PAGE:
In a surprising move, the CEOs of Delta Airlines, Southwest Airlines, and American Airlines have decided they will not require existing employees to get the COVID-19 vaccination.
The CEOs of Southwest Airlines, American Airlines and Delta Air Lines say they are not requiring unvaccinated employees to receive the shot, breaking with United Airlines’ mandate that workers get vaccinated by October 25 or face getting fired.
In an internal memo obtained by CNN, Southwest Airlines CEO Gary Kelly said the airline will “continue to strongly encourage” that workers get vaccinated, but the airline’s stance has not shifted.
“Obviously, I am very concerned about the latest Delta variant, and the effect on the health and Safety of our Employees and our operation, but nothing has changed,” Kelly said.
United, on the other hand, issued its own mandate requiring all 67,000 of its U.S. employees to become vaccinated against COVID-19 by October 25, or face termination. Frontier and Hawaiian Airlines have followed in the footsteps of United, mandating all employees receive the vaccine or lose their jobs.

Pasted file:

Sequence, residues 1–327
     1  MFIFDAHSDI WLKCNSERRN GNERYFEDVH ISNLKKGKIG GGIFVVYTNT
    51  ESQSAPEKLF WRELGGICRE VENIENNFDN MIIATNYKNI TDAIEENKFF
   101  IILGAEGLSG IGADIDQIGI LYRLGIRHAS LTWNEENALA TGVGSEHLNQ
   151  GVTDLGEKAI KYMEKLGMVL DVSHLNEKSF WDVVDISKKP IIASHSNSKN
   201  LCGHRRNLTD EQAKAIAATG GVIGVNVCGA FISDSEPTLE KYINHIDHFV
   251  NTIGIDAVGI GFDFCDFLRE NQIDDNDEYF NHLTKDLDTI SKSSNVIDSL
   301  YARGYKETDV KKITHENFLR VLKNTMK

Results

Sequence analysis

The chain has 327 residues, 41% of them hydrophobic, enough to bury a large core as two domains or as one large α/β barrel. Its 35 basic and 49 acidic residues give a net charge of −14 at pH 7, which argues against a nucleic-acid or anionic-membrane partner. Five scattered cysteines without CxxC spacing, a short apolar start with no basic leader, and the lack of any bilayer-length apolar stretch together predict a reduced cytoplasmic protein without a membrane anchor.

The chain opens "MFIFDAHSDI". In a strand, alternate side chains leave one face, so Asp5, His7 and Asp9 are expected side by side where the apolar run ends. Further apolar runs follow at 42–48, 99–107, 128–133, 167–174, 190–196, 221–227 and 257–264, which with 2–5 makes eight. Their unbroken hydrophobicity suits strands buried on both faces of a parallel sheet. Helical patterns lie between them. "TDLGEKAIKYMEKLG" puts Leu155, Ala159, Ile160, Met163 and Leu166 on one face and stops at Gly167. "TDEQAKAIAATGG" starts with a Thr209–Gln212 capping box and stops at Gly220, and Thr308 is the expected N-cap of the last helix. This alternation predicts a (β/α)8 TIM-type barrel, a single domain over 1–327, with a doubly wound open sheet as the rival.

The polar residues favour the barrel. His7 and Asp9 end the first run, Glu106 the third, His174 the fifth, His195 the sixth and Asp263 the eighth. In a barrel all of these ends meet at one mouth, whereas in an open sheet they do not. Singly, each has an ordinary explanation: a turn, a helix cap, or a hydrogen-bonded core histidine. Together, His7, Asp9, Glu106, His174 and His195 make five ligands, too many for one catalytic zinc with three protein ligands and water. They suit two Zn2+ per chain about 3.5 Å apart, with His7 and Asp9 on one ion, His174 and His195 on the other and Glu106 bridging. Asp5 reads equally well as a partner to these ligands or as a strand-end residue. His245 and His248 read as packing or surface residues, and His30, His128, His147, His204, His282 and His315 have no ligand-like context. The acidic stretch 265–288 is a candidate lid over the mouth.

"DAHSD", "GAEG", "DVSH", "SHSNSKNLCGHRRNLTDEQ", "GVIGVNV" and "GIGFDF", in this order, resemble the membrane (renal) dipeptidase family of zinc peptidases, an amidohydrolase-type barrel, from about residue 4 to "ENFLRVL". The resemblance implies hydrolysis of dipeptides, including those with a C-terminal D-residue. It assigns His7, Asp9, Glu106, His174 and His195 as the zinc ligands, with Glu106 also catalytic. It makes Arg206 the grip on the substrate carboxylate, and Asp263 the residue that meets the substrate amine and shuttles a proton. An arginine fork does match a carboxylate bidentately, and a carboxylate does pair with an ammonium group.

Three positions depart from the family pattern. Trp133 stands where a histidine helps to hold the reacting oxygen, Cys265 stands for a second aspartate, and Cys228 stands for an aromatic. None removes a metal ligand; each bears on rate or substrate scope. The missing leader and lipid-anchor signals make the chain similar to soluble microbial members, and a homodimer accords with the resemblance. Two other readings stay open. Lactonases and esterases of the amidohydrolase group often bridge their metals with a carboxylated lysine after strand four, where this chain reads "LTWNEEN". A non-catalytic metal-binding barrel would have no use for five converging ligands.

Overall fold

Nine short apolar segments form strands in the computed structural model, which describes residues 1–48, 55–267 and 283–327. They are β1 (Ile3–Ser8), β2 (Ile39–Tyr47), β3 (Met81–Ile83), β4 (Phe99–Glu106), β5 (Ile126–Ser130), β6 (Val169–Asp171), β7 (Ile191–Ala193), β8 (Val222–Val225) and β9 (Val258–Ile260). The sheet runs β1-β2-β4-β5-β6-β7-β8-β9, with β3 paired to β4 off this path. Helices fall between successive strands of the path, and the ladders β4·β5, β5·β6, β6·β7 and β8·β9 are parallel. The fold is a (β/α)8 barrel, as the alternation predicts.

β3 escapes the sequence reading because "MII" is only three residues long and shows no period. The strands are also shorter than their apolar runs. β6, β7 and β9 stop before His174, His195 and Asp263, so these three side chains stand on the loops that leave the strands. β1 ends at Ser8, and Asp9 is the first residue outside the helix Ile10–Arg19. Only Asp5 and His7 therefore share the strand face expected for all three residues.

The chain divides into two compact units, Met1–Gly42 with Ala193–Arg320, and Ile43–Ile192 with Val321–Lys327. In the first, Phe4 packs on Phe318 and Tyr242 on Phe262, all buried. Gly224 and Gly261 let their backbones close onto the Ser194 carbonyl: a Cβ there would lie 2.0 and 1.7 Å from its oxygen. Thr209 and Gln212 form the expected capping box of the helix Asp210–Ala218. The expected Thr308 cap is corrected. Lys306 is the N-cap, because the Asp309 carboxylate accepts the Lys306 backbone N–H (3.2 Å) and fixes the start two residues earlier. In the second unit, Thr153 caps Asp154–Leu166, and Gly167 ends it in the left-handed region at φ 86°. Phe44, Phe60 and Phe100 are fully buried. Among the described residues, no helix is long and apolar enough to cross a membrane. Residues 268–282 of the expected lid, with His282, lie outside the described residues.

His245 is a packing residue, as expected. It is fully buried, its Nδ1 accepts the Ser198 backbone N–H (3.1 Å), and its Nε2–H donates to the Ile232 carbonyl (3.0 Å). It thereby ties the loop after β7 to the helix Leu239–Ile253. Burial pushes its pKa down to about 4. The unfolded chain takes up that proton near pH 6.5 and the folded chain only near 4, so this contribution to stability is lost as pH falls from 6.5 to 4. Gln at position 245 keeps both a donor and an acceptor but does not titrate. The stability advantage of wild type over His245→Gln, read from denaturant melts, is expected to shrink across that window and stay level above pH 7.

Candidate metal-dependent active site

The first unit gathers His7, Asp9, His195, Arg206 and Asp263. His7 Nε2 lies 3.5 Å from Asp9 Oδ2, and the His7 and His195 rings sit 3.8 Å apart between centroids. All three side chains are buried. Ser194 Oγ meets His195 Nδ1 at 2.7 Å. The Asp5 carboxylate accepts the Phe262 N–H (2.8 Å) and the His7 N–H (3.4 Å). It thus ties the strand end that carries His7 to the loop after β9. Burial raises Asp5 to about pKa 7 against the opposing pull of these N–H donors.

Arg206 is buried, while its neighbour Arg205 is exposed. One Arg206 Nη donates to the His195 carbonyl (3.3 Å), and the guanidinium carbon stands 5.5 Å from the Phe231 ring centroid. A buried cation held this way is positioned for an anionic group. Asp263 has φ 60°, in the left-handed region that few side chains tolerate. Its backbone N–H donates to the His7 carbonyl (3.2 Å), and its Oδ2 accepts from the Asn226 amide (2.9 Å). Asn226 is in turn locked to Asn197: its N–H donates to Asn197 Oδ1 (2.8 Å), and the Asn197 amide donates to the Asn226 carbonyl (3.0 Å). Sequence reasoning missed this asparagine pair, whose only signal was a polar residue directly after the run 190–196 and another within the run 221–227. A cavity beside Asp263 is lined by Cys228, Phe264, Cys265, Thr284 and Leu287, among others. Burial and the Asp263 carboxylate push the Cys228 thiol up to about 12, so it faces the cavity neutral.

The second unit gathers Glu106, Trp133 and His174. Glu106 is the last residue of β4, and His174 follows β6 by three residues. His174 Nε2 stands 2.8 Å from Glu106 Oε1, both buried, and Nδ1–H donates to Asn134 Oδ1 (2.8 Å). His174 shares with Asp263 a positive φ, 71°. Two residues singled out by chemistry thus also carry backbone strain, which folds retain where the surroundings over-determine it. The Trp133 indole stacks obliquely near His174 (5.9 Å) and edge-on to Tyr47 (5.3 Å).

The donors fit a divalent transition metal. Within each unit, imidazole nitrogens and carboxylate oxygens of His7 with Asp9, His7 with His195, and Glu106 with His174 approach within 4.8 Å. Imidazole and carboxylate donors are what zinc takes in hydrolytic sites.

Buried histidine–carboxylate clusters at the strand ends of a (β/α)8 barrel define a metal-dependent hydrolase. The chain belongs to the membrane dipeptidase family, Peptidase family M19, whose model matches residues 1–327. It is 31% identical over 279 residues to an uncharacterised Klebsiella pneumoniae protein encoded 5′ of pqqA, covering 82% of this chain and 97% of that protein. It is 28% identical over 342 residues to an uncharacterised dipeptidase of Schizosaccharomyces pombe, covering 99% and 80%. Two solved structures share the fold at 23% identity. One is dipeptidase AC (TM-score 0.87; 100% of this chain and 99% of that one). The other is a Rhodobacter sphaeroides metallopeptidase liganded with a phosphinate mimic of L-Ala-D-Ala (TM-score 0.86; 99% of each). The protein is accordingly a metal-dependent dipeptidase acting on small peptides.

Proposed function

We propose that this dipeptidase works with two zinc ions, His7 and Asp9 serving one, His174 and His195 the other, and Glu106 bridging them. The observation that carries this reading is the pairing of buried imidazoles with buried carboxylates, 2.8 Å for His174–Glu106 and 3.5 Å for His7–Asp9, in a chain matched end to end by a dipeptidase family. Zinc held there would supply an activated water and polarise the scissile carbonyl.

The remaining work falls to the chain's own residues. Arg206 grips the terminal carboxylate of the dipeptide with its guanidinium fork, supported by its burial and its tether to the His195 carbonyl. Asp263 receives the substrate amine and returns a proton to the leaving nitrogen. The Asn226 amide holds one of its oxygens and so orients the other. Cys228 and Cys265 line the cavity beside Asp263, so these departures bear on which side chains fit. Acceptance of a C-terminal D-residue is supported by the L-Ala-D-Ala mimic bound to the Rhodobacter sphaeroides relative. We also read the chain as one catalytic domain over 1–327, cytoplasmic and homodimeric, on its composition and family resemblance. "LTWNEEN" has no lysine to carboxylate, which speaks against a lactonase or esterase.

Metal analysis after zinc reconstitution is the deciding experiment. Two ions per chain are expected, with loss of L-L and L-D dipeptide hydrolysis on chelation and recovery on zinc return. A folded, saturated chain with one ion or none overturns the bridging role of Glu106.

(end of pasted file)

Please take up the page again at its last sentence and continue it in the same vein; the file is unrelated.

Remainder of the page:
Both Southwest and Delta rushed to reassure its employees that it had no plans of changing its policy, even after the United decision.
The New York Daily News reported,
In a memo, Southwest made it clear to employees that its stance has not changed despite United’s decision, according to CNN. American also will not be changing its vaccine requirements.
The Delta CEO went on “Good Day New York” with the news that 75 percent of its workforce had already been vaccinated, even without a company-wide mandate.
New employees for Delta and United will be required to obtain the COVID-19 vaccination as a condition of employment. American and Southwest Airlines have not made any new employment changes.
In a statement, American Airlines said there was “no update at this time” to its vaccination policy. “We are strongly encouraging our team members to get vaccinated, and we are offering an incentive for those who do.”